DOE Human Subjects Resources
Dr. Arlene J. Lennox 1942 ~ 2008
Physicist led cancer program
By Patricia Trebe
Special to the Chicago Tribune
May 28, 2008
Dr. Arlene J. Lennox, a medical physicist, worked tirelessly to help treat cancer patients at what is now the Northern Illinois University Institute for Neutron Therapy at Fermilab.
Since 1983, Dr. Lennox, considered one of the world’s leading experts in neutron therapy,> who recently retired as technical director , helped hundreds of patients who had cancer that did not respond to most treatments. Neutrons can be more effective at killing tumors than conventional radiation therapy.
"For these last years, Arlene has been the head of [the program] and has kept it alive and kept it motivated," said Roger Dixon, head of the accelerator division at Fermilab in Batavia.
"Although she did not start the facility, she became one of the world's experts on neutron therapy and certainly important to keeping the program going here at the lab."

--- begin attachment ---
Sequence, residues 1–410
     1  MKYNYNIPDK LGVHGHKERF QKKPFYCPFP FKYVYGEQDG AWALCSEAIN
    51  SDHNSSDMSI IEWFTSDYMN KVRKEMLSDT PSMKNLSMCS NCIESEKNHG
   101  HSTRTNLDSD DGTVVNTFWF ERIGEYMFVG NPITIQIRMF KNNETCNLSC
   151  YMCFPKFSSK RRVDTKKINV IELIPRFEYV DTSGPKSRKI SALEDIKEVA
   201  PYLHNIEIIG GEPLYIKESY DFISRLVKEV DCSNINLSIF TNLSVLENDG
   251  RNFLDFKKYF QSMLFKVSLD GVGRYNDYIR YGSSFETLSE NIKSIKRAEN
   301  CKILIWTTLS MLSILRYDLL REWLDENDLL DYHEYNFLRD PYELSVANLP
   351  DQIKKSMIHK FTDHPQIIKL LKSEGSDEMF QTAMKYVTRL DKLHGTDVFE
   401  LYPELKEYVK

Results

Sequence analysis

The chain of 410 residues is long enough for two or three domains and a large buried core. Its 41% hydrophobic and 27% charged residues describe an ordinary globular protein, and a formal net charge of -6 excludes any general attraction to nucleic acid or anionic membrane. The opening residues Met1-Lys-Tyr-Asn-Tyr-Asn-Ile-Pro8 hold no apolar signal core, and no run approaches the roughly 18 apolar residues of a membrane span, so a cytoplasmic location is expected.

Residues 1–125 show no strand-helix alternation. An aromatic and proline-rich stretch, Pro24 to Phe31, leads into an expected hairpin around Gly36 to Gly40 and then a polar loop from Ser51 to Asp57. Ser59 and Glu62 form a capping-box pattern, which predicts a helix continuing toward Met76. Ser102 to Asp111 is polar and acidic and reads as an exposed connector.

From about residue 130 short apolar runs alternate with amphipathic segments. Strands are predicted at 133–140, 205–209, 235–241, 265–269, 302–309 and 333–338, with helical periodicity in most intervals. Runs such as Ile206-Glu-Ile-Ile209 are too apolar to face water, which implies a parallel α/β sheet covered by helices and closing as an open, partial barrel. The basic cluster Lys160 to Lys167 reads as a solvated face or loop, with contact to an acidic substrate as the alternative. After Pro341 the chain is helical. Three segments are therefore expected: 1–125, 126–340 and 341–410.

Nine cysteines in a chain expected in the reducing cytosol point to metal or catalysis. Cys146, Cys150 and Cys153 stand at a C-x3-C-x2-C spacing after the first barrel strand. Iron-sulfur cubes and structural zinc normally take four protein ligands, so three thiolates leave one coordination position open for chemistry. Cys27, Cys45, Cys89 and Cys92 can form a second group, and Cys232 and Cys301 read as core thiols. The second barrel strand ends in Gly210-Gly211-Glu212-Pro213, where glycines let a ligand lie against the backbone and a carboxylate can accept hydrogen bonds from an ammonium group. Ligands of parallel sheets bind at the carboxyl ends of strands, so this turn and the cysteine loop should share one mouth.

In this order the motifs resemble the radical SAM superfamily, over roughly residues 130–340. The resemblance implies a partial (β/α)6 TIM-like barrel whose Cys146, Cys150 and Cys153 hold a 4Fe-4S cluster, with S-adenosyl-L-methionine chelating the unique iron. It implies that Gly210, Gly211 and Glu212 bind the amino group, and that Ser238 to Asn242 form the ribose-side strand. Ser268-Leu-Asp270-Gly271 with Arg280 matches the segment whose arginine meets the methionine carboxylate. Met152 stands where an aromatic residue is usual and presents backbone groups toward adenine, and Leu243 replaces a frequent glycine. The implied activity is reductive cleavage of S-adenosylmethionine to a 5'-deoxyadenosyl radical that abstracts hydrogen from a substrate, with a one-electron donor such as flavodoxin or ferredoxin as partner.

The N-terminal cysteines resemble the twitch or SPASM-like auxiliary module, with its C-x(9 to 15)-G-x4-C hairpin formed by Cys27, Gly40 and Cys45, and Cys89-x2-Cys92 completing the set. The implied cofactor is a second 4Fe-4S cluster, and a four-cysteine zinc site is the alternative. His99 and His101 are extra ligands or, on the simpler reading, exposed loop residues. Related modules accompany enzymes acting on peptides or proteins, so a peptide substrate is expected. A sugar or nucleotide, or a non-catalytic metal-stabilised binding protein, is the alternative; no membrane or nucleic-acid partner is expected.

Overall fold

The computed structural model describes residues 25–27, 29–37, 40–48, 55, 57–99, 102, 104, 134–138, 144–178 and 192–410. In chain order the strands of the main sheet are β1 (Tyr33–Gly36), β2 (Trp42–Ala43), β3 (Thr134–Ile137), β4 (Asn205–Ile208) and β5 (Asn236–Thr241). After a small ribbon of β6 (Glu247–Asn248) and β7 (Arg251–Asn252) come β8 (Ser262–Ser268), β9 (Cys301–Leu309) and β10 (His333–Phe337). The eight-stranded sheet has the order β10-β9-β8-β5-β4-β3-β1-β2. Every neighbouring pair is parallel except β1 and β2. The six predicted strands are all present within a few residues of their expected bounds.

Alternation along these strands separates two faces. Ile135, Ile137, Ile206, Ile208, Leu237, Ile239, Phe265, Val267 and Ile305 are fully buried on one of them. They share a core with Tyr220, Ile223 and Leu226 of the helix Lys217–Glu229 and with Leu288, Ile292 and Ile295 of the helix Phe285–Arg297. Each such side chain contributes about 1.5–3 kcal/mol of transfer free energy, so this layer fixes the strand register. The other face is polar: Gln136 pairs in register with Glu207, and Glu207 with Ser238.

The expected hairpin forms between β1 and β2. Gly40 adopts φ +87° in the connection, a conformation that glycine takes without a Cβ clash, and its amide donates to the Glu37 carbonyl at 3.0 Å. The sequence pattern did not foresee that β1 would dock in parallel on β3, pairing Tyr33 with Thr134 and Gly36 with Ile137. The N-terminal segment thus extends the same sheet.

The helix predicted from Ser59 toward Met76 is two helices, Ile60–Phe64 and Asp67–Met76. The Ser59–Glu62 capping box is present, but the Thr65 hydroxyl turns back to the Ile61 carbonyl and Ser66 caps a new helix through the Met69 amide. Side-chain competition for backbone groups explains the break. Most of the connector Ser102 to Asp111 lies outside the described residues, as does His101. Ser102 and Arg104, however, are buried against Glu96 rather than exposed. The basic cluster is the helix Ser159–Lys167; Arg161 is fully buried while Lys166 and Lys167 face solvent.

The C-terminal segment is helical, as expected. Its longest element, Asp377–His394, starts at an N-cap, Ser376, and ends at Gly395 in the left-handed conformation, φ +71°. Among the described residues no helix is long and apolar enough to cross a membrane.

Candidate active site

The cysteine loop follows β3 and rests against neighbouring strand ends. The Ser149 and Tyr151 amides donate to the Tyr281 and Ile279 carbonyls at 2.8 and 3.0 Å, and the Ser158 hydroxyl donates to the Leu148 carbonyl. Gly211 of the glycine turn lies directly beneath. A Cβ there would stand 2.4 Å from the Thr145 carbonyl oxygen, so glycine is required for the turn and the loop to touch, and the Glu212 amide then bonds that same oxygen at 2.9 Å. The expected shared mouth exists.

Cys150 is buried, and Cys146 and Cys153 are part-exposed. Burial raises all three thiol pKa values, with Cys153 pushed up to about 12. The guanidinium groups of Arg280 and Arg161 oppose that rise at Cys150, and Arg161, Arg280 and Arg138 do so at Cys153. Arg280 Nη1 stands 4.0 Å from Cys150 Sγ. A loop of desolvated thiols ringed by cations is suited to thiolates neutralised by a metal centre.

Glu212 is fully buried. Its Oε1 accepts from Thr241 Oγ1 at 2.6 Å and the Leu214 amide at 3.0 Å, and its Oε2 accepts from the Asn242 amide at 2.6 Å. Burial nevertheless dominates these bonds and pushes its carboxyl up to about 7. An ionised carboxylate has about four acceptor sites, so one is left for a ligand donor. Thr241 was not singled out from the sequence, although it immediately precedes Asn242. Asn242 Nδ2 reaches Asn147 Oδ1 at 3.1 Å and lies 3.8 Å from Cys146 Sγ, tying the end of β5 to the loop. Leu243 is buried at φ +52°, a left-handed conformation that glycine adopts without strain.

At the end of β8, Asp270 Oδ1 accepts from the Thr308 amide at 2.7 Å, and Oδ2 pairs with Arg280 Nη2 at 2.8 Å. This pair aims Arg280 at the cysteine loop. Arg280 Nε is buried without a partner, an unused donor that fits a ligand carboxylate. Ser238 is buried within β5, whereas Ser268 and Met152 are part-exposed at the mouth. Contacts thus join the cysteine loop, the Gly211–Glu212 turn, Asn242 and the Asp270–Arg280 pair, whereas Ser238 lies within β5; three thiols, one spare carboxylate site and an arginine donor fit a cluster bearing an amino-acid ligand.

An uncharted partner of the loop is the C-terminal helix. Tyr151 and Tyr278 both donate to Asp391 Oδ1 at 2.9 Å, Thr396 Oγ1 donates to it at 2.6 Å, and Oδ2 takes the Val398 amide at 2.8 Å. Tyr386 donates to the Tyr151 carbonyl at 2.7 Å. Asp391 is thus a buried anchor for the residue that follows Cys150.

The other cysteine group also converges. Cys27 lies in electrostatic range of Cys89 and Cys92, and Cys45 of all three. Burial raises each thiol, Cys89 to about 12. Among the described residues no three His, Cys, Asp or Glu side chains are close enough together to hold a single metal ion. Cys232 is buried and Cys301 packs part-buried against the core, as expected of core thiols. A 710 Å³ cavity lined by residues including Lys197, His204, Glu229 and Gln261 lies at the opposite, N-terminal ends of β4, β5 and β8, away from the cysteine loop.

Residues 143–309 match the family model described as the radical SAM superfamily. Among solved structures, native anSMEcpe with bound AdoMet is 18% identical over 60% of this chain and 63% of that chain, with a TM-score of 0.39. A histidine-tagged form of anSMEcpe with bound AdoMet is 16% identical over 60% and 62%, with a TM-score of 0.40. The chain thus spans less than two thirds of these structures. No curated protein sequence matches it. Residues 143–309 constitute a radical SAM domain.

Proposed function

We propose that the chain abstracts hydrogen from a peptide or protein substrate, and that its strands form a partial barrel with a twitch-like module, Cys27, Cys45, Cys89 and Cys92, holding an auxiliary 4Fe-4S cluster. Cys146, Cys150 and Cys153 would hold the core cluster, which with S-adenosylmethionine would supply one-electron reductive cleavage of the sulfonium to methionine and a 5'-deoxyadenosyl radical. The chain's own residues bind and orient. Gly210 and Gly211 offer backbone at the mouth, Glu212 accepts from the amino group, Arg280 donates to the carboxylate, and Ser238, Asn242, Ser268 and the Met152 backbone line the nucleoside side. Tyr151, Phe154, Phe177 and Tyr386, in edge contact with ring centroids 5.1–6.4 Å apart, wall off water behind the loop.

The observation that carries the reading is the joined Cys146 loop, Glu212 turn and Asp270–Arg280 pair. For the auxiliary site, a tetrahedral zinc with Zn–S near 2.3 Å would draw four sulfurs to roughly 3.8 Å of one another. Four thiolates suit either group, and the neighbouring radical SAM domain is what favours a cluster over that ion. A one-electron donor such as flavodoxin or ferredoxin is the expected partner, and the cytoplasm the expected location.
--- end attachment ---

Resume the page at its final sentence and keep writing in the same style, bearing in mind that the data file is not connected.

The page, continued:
Dr. Lennox, 65, of Elburn, died of metastatic breast cancer Saturday, May 24, in her home.
It was her responsibility to calibrate machines and ensure the treatment plan prescribed by patients' doctors.
Also, she was chief administrator of the program and staff, said Thomas Kroc, who replaced Dr. Lennox. "She was a tremendous asset in neutron therapy," Kroc said.
Born in Cleveland, Dr. Lennox decided when she was 14 that she would become a nun. She entered the Sisters of St. Joseph Third Order of St. Francis and took her final vows at age 16.
She started teaching high school when she was 17 and during summers would attend Notre Dame College of Ohio.
In the mid-1970s, she worked on a master's and then her doctorate degrees in physics at the University of Notre Dame in South Bend, Ind. When the order instructed her to leave school and return to other duties, she asked to be released from her vows in 1976, said her husband, David Eartly.
She met her husband, a physicist at Fermilab, when working on a research project at Argonne National Laboratory near Lemont. The couple married in 1977.
Dr. Lennox received a post-doctoral position at Fermilab where she worked on experiments involving the Tevatron, the most powerful accelerator in the world.
Dr. Lennox is also survived by her mother, Mary Rose; two brothers, Rand and George; and two sisters, Rita Langer and Ruthanne.
Content reviewed: November 12, 2013